Hon. Patricia Bovey: Honourable senators, like all Canadians, the horror of the discovery of the bodies of 215 Indigenous children at the Kamloops Indian Residential School hit me hard. I cannot fathom the pain residential school survivors and all Indigenous communities are experiencing, and their reliving of years past. Thoughts and compassion are real but not enough.
How were those innocent lives stolen? I have mentioned the heart-rending conversation I had in the early 1980s with Kwakwaka’wakw artist Art Thompson before — a survivor of the Alberni Residential School on Vancouver Island. I was director of the Art Gallery of Greater Victoria installing an exhibition of his amazing art. He asked for a quiet place for us to talk. Several hours later, after hearing his story, I was changed forever. I was very sad Art died before the Truth and Reconciliation Commission was established.
I have also spoken of the poignant visual voicing by Canadian artists of the wrongness and impacts of residential schools. Many expressed their own realities. I will recall three: The Lesson by Alberta artist Joane Cardinal-Schubert, Sandy Bay by Robert Houle, and The Assiniboine Fool Society by Jane Ash Poitras. They portray the burying of their traditional learnings and languages and showed their isolated, jail-like places and the inappropriateness of the colonial-only curricula. We need these truths.
In my native Manitoba I had the opportunity to work closely with two potential cultural centres celebrating Indigenous traditions, culture and art, one with Sioux Valley Dakota Nation near Brandon, the other for an Aboriginal art centre in northern Manitoba. Obstacles to both included lack of funding and bureaucratic red tape at the provincial and federal levels. That must change going forward. The pain resulting from residential schools was clear from my hearings with the former. If I was changed by Art Thompson’s tales, I was doubly changed again.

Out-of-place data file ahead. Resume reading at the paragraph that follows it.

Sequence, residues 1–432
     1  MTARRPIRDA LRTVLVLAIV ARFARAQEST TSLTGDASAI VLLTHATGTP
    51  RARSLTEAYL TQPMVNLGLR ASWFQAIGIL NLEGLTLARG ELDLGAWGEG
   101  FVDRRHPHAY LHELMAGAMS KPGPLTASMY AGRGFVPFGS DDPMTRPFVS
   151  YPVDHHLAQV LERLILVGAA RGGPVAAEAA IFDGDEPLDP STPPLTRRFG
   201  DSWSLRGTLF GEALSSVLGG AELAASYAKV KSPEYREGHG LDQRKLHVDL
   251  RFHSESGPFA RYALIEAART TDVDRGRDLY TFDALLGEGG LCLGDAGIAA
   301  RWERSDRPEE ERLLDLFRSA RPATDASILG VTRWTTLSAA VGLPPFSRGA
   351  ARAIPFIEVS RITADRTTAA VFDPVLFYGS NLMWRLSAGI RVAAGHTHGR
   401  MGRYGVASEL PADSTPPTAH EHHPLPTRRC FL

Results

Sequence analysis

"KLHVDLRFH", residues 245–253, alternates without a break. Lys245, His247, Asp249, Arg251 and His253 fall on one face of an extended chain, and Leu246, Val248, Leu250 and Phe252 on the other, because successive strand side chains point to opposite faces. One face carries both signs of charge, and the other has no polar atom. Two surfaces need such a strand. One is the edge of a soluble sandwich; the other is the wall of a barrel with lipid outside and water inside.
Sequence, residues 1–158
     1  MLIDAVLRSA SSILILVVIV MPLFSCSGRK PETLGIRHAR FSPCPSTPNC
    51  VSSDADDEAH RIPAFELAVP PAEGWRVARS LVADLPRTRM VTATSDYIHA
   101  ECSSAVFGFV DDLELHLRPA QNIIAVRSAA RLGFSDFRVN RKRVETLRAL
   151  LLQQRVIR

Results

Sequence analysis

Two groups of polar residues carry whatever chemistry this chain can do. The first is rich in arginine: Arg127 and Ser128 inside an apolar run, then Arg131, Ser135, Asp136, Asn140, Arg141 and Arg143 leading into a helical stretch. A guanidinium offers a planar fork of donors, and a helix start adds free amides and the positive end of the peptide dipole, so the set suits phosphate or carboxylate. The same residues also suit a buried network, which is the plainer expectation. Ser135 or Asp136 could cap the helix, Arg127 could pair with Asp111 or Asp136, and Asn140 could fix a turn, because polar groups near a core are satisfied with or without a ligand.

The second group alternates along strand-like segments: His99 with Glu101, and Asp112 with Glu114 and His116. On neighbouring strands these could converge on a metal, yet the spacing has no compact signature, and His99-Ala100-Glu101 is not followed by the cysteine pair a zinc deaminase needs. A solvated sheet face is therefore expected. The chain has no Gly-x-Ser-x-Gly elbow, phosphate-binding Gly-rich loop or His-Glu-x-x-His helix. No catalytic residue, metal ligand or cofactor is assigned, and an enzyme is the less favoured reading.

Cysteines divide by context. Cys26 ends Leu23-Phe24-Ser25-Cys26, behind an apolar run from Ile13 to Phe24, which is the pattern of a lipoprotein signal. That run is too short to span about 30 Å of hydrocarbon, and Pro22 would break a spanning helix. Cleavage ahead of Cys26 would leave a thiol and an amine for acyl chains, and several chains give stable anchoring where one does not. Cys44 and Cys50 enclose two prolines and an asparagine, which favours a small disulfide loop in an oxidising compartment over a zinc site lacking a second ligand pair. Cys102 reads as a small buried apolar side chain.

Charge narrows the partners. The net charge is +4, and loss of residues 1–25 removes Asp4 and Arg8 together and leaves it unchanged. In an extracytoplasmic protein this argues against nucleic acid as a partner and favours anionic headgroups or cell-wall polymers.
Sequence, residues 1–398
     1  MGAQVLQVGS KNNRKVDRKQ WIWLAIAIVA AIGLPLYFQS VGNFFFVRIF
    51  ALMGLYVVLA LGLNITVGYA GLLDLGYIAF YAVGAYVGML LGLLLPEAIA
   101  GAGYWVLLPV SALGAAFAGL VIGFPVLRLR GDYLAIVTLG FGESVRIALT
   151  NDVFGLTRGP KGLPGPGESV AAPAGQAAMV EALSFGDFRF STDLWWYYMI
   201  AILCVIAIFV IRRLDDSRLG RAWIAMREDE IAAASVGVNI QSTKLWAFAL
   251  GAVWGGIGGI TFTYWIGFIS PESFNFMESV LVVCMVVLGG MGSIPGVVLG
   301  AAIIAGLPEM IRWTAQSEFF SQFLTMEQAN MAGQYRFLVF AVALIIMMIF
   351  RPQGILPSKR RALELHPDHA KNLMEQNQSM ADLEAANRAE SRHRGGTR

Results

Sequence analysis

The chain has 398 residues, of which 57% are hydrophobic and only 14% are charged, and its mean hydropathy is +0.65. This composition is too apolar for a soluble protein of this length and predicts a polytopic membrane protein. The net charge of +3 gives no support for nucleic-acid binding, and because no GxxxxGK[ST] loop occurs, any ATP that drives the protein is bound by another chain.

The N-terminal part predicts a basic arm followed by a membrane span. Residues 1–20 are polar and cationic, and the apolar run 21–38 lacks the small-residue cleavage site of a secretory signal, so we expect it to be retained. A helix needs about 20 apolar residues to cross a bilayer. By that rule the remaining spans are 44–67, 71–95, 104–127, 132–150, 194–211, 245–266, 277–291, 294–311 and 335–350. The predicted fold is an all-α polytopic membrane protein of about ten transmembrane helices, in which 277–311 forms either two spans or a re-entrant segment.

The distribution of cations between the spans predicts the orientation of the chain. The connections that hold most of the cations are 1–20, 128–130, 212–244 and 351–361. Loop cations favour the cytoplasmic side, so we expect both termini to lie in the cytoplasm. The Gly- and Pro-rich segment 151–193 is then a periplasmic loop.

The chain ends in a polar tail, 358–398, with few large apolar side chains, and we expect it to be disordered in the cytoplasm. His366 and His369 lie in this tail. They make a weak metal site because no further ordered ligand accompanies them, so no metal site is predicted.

In 2008, the Chief Executive Officer of the Keewatin Tribal Council, Sharon McKay, opined that the Aboriginal Affairs and Northern Development Canada Art Gallery should be:
. . . grounded in Aboriginal cultural traditions, which ensures that Aboriginals are heard and their cultural practices are maintained and not lost. It should be inclusive while safeguarding the people and providing a place where they can strive.
For the Northern Plains Aboriginal Centre in 2006, it became clear southwestern Manitoba needed a place “to celebrate the roots and accomplishments of the Aboriginal people” balancing training and cultural traditions. Repatriation was a key element.
Honourable senators, I add my commitment to do whatever I can to move reconciliation forward. I fear we will hear of more finds of horrific losses. Truth must prevail. It is time for action. I thank you from the Treaty 1 territory, the traditional lands of the Anishinaabe, the Cree, Oji-Cree, Dene and Dakota and the heart of the Métis Nation.